Days later when the ship docked in Britain, Patrick proceeded to find his home village. He wasn't sure if it would still be standing or if his family was still living there or if they were still alive. Patrick couldn't have been more joyous to find that not only was the village standing, but it had been rebuilt and was bigger than before. When Patrick found the remains of his childhood house, there were so many memories that filled his mind as he looked upon the once happy home. As he stood there gazing into the past he felt a hand on his shoulder – it was his father! Patrick's family was still alive and were living in the servants quarts behind the old house. After almost seven years Patrick was reunited with his family, but Patrick's journey was not over. Not long after returning home Patrick had another dream. In this dream he was receiving letters . . . letters from all the lost souls of IRELAND! They were all calling out to him in one voice, “we pray thee holy youth, come look upon us in Ireland once more we beg thee, return, return.” Patrick prayed to the Lord, “you have filled my heart with despair and with joy, if this is what Thou hast saved me for then I wilt go.” Patrick studied in England for awhile and found fellowship with some brothers of the faith. Patrick and his followers sailed to Ireland to begin their ministry. Once they arrived at the Irish coast they were stopped by Irish soldiers. They were asked what their purpose was for coming to Ireland. Patrick spoke up and said, “we have come to share the Lord Jesus Christ with the people of Ireland.” The soldiers threatened to turn them away, but after reflecting they realized that these were foreigners and they didn't want to stir up any international affairs. They went to inform the King (now a new king) of these men and their mission. When the King heard of these men he was astonished at their boldness, his Druid priest were alarmed at the idea of having CHRISTIANS in their midst. The Druids tried to convince the King to send the men away, but the QUEEN spoke up on behalf of Patrick and his men, while persuading the King to allow them safe passage into Ireland. The King told the soldier to bring the men to him at once. The Druid priests were now enraged at the thought of intruders, so they sent some well paid soldiers to kill the men on their way to the palace. As the priests and soldiers waited in ambush for Patrick and his brethren to come up the road, one of the priests saw them as they approached and signaled the captain. The captain hesitated and looked puzzled. “Attack them Captain”, said the priest. “Attack what my lord?” “I only see some deer coming down the road,” answered the Captain. “No it's the Christians!” Attack them now before they're gone.” “My lord they are only deer,” insisted the Captain. The Lord had shielded Patrick and his men disguising them as deer. They passed through the ambush untouched. Patrick and his men met with the King and Queen, they were so impressed with these Christian men that they allowed Patrick and his men to preach without restraint. For weeks Patrick and his small band of believers walked the length of Ireland spreading the Gospel. The Druids pressed upon the King constantly to put an end to their preaching, but the King was caught between the Druids and his sympathetic wife.

Everything came to climax on Easter. The Irish people did not celebrate Easter, this troubled Patrick deeply. However, the Irish did throw a feast in honor of their own gods in the Kings banquet hall. Their custom was to lite a huge fire, it was the biggest fire in the land and no other fires were to be lit on this night. This year their banquet fell on what should have been Easter. Patrick had an idea, he decided to build another fire on a hill near the palace. As the King and the members of his court ate and drank their fill they were suddenly interrupted! One of the King's guards rushed in to inform him that someone had lit a fire a the adjacent hill. The King rushed to the window and looked out to see the greatest fire he had ever seen. The Druid priests were furious. The Druids demanded for the King to destroy Patrick and his fire. But Patrick and his followers had grown popular with the people. The Queen rose up and insisted that the King have Patrick brought to him. Patrick was brought before the King and Queen for questioning. Patrick explained his actions to the King and poured out his heart before their Majesties. Patrick had no fear as he expressed his beliefs to the King and Queen. He impressed upon them the message of Salvation and of the Christian faith. The Druid priests standing near by would hear no more. They stooped to drastic measures. They invited Patrick to have some wine with them, before the chalices were served one of the priests slipped some poison into Patrick's cup. The wine was served to the King and Queen first then to the Druid's high priest and then to Patrick. The high priest made a sly remark concerning the Christian tradition of taking wine in their communion. Patrick being a devout man of prayer listened to the leading of the Spirit as he offered his cup to the Druid priest, the priest backed up in a corner refusing to take the cup. The Queen becoming suspicious ordered the high priest to drink from the cup. The priest made every excuse possible for not partaking of the chalice. Patrick rose up in fierce tone, “do you think that the God of heaven that saved me from my sin and sent me back to the very country that enslaved me would allow me to be overtaken by some evil druid trick!” Then turning to the King and Queen Patrick declared, “As the Lord God is my witness, the fire you see burning on the hill tonight will burn in the hearts of men throughout this land – with or without your leadership – God will go forth in this land.” Patrick dismissed himself and left the palace. The King was furious with his high priest for attempting to poison his guest. His eyes were now opened to the evil that he had allowed to roam free in this kingdom. He immediately banished the Druid priests from his council.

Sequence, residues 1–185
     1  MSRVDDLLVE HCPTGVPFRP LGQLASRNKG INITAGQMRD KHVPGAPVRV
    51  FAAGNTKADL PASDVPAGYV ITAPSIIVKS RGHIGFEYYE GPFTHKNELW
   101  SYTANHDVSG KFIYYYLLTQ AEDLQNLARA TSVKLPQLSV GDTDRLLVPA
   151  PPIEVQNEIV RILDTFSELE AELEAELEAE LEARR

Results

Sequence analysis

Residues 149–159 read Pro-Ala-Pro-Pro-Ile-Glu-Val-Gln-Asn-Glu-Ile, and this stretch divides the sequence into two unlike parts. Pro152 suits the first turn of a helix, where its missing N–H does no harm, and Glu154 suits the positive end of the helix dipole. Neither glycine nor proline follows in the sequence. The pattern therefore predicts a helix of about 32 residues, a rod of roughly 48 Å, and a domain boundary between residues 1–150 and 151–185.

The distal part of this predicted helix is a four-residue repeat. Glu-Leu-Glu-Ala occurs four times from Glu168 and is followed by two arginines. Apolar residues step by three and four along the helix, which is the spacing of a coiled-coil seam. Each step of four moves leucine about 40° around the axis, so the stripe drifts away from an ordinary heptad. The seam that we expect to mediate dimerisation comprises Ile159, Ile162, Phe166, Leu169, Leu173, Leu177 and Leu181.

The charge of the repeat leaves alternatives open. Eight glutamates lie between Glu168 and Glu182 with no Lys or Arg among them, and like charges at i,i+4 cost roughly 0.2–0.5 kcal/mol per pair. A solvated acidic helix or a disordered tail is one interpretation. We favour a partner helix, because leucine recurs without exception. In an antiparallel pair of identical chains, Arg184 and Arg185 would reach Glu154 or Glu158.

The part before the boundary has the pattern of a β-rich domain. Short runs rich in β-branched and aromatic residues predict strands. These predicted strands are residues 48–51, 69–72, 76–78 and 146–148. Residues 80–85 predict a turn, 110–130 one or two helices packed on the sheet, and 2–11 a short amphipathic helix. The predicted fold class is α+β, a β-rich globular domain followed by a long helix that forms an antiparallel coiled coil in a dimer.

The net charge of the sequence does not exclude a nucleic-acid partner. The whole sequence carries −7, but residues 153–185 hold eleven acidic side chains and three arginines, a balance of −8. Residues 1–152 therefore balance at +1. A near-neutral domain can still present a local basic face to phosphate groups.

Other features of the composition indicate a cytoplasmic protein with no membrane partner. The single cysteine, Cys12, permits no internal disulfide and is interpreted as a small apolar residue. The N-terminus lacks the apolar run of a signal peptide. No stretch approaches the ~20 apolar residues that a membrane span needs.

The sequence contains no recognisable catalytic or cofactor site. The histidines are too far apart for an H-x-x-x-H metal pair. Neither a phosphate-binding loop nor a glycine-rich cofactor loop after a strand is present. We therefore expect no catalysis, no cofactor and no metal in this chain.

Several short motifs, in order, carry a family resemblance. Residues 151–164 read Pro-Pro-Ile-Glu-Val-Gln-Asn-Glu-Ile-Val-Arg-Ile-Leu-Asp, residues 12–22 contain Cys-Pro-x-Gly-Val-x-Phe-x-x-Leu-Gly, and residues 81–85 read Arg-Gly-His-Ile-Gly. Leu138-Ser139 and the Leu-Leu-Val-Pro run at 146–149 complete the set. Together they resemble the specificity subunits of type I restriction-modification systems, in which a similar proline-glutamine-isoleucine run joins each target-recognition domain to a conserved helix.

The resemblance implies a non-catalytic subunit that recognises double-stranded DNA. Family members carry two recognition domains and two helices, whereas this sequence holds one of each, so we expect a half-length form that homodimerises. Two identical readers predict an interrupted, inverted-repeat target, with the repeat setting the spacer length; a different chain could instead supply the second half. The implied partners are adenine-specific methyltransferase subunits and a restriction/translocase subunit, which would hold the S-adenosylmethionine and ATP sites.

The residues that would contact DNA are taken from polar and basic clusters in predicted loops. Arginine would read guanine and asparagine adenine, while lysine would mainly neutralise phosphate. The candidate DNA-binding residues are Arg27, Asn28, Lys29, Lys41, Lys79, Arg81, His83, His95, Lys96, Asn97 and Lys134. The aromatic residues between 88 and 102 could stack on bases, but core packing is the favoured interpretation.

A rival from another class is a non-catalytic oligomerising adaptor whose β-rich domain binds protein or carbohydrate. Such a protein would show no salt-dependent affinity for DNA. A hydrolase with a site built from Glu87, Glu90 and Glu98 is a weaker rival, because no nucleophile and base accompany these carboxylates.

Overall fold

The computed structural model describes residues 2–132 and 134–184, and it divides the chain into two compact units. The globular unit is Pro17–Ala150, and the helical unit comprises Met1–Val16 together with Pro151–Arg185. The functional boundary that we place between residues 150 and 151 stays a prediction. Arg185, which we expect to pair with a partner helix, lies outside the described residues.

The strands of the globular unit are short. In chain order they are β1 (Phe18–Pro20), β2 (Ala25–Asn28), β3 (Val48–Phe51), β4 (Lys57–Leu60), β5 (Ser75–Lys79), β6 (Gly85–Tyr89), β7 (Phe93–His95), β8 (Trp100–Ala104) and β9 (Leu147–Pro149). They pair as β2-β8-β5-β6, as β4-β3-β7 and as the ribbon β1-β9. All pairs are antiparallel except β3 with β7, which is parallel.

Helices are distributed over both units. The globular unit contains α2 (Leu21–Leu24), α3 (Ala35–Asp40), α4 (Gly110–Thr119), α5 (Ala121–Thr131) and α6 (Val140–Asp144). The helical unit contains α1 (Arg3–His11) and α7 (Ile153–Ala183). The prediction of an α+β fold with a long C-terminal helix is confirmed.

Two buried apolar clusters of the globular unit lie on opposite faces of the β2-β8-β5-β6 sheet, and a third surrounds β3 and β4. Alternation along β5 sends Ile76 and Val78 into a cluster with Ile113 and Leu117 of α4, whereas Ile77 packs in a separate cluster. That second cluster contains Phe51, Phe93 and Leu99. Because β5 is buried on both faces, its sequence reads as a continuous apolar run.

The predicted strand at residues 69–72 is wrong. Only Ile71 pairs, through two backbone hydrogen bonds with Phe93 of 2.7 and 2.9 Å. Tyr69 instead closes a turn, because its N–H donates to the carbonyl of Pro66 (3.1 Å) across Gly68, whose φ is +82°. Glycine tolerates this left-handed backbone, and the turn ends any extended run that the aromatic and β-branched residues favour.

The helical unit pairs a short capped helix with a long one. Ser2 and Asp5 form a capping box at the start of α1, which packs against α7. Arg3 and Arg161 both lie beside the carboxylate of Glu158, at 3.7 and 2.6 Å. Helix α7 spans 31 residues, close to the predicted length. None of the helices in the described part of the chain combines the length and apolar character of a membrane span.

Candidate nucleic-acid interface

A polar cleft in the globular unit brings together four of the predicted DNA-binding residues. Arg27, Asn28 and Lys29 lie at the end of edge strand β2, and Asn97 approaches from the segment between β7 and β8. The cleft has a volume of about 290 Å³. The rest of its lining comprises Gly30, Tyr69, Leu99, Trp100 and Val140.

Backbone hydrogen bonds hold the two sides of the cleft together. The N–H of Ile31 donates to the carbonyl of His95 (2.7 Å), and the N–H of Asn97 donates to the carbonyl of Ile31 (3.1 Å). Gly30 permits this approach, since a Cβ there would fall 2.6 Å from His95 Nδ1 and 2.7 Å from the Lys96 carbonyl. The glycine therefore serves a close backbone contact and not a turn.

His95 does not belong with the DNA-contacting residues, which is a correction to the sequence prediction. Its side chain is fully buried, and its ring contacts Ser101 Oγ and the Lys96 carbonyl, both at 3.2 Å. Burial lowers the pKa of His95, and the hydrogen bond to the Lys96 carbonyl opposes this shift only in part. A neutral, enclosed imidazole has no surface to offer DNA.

As time past the Druid influence on the people of Ireland diminished. The temples and statues were destroyed and the druid practices were soon forgotten. Patrick's sacrifices and obedience to God had not be in vain. Through his stand for his faith he saw an entire nation turned to the Lord. The Bible and all of history is full of stories of men and women who stood for God in some of the most difficult times imaginable. Some like Patrick gave up their homes, families and even their lives to take the gospel to those who had never heard the name of Christ. The apostle Paul summed it up in Romans 5:3-5 (Amplified). . .

"Moreover [let us also be full of joy now!] let us exult and triumph in our troubles and rejoice in our sufferings, knowing that pressure and affliction and hardship produce patient and unswerving endurance. And endurance (fortitude) develops maturity of character (approved faith and tried integrity). And character [of this sort] produces the habit of joyful and confident hope of eternal salvation. Such hope never disappoints or deludes or shames us, for God's love has been poured out in our hearts through the Holy Spirit Who has been given to us."